NSERC-funded researcher Dr. Simon Donner, an assistant professor in the department of geography at the University of British Columbia, will be talking about the vulnerability of coral reefs to climate change due to higher ocean temperatures.
Dr. Donner studies coral bleaching. Corals get most of their energy from microscopic algae that live in their tissue. These algae are colourful and are what gives corals their vivid hue. When environmental factors go out of the range that corals are used to (such as warming water), the symbiosis between the coral and the algae breaks down and corals effectively expel the algae and turn white. The coral is then deprived of its source of energy, and dies.
Dr. Donner studies the frequency of coral bleaching events, their consequences and the link to unusually warm oceans. He says that mass coral bleaching events were thought to be extremely rare as far back as 30 years ago.
At the AAAS conference he will be talking about the predicted occurrence of bleaching events under different climate scenarios and, according to
Dr. Donner, it doesn't look good.
"Even if we froze emissions today, the planet still has some warming left in it. That's enough to make bleaching dangerously frequent in reefs worldwide," he says.
Given the hundreds of millions of people living in the tropics who depend on coral reefs for food, income, tourism and shoreline protection, the loss of reefs is a serious issue.
"Obviously, there's an aesthetic concern because people see Finding Nemo and they're worried about what's going to happen to the world's coral reefs, but the key thing is that there are hundreds of millions of people who depend on them for their livelihood," says Dr. Donner.
However, the outlook isn't completely bleak. Dr. Donner says that no one is predicting that coral reefs will go extinct; they will continue to survive, but only in certain habitats, such as shaded areas. The reality is a general loss of coral cover and a breakdown of the physical structure of reefs.
In order to see what the future of reefs might be, Dr. Donner is pursuing fieldwork in the central equatorial Pacific, because the islands and reefs in that area are affected by repeated El Nino events. Because of this, they've experienced higher year-to-year temperature variability than other areas on the planet. Dr. Donner is studying the corals in these areas to understand how the reefs are biologically different, and how that has allowed them to persist through warm water events that would kill coral in other areas of the planet.
"It's a natural model for the future," he says.
GPM sees deadly tornadic storms moving through US Southeast
01.12.2016 | NASA/Goddard Space Flight Center
Cyclic change within magma reservoirs significantly affects the explosivity of volcanic eruptions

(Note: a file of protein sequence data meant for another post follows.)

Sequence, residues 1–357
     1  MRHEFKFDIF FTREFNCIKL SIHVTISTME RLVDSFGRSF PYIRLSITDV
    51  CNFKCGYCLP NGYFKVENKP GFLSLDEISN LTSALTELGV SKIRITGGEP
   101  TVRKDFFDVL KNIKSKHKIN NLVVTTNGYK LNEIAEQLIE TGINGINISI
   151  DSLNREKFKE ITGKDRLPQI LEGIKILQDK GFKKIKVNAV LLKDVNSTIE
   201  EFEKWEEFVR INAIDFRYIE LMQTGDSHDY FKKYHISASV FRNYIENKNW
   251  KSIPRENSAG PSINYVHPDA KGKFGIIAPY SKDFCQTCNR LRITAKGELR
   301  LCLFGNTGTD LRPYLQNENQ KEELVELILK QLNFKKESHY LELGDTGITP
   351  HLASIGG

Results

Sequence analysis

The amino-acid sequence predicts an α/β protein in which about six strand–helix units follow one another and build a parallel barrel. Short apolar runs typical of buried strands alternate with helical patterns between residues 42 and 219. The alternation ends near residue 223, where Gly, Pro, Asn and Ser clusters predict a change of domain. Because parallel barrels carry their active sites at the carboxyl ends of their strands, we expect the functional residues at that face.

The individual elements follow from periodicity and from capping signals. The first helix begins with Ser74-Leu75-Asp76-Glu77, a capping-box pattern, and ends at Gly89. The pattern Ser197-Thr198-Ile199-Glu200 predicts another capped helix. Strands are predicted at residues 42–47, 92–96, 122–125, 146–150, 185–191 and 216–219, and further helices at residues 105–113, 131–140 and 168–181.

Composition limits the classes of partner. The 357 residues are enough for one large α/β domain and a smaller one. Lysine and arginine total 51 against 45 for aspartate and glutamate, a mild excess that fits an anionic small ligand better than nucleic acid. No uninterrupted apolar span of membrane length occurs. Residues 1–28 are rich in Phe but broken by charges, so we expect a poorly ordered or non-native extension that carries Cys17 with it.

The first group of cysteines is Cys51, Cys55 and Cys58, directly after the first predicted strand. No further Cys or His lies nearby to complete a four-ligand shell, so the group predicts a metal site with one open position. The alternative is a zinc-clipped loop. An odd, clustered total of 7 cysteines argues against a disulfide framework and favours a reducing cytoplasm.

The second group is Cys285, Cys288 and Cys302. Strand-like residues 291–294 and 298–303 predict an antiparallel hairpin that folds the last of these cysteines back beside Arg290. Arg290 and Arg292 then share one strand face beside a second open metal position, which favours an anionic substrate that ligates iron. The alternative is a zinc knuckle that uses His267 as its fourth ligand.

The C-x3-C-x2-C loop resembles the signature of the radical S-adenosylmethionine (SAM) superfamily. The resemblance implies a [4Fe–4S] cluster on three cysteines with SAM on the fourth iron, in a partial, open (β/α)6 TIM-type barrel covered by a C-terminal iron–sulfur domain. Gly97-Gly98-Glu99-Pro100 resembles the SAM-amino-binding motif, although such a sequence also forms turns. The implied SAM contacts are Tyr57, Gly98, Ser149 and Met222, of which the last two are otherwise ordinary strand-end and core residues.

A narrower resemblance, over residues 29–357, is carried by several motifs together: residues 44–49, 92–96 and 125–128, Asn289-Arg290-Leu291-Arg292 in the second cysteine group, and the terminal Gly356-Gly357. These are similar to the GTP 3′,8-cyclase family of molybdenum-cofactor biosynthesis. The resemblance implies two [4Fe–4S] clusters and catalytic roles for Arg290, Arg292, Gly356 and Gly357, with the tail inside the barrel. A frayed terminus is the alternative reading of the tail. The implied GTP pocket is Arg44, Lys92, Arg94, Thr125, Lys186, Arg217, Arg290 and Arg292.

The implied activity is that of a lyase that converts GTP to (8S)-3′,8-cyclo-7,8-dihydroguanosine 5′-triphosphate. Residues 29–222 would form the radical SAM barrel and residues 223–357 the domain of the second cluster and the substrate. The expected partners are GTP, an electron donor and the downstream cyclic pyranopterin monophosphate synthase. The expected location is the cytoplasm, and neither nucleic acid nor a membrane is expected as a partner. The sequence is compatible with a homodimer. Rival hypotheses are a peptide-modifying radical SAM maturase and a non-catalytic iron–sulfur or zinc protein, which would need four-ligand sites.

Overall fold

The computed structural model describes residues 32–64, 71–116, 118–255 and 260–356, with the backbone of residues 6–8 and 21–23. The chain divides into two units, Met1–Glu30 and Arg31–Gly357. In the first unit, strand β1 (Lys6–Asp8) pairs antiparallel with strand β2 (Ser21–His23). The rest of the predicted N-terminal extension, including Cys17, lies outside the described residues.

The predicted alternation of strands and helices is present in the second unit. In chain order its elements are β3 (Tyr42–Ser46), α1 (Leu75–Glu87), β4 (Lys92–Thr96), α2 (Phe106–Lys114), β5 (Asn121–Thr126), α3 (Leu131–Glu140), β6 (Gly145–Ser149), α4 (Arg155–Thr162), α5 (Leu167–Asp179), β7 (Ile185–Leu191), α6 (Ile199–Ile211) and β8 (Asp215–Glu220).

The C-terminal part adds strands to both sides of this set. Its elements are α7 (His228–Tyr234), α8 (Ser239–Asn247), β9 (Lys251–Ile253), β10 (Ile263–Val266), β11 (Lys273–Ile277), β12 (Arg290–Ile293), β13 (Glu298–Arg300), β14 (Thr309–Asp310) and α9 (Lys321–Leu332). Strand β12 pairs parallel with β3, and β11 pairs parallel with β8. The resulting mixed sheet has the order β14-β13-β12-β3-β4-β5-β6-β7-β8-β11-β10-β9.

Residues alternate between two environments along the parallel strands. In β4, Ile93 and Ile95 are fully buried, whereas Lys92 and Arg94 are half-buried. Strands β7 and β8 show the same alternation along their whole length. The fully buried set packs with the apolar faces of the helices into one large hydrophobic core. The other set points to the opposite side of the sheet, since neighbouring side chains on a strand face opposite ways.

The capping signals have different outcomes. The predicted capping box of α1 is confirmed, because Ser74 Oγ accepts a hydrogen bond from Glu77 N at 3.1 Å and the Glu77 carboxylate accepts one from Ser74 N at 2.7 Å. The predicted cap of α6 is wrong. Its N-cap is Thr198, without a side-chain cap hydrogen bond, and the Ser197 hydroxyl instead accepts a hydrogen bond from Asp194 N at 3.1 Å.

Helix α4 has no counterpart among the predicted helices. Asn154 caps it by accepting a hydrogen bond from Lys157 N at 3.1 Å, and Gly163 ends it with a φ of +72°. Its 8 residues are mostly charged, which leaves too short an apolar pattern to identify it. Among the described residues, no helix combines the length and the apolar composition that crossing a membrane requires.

30.11.2016 | Johannes Gutenberg-Universität Mainz
A multi-institutional research collaboration has created a novel approach for fabricating three-dimensional micro-optics through the shape-defined formation of porous silicon (PSi), with broad impacts in integrated optoelectronics, imaging, and photovoltaics.
Working with colleagues at Stanford and The Dow Chemical Company, researchers at the University of Illinois at Urbana-Champaign fabricated 3-D birefringent...
In experiments with magnetic atoms conducted at extremely low temperatures, scientists have demonstrated a unique phase of matter: The atoms form a new type of quantum liquid or quantum droplet state. These so called quantum droplets may preserve their form in absence of external confinement because of quantum effects. The joint team of experimental physicists from Innsbruck and theoretical physicists from Hannover report on their findings in the journal Physical Review X.
“Our Quantum droplets are in the gas phase but they still drop like a rock,” explains experimental physicist Francesca Ferlaino when talking about the...
The Max Planck Institute for Physics (MPP) is opening up a new research field. A workshop from November 21 - 22, 2016 will mark the start of activities for an innovative axion experiment. Axions are still only purely hypothetical particles. Their detection could solve two fundamental problems in particle physics: What dark matter consists of and why it has not yet been possible to directly observe a CP violation for the strong interaction.
The “MADMAX” project is the MPP’s commitment to axion research. Axions are so far only a theoretical prediction and are difficult to detect: on the one hand,...
Broadband rotational spectroscopy unravels structural reshaping of isolated molecules in the gas phase to accommodate water
In two recent publications in the Journal of Chemical Physics and in the Journal of Physical Chemistry Letters, researchers around Melanie Schnell from the Max...
The efficiency of power electronic systems is not solely dependent on electrical efficiency but also on weight, for example, in mobile systems. When the weight of relevant components and devices in airplanes, for instance, is reduced, fuel savings can be achieved and correspondingly greenhouse gas emissions decreased. New materials and components based on gallium nitride (GaN) can help to reduce weight and increase the efficiency. With these new materials, power electronic switches can be operated at higher switching frequency, resulting in higher power density and lower material costs.
Researchers at the Fraunhofer Institute for Solar Energy Systems ISE together with partners have investigated how these materials can be used to make power...
16.11.2016 | Event News
01.11.2016 | Event News
14.10.2016 | Event News
02.12.2016 | Medical Engineering
02.12.2016 | Agricultural and Forestry Science
02.12.2016 | Physics and Astronomy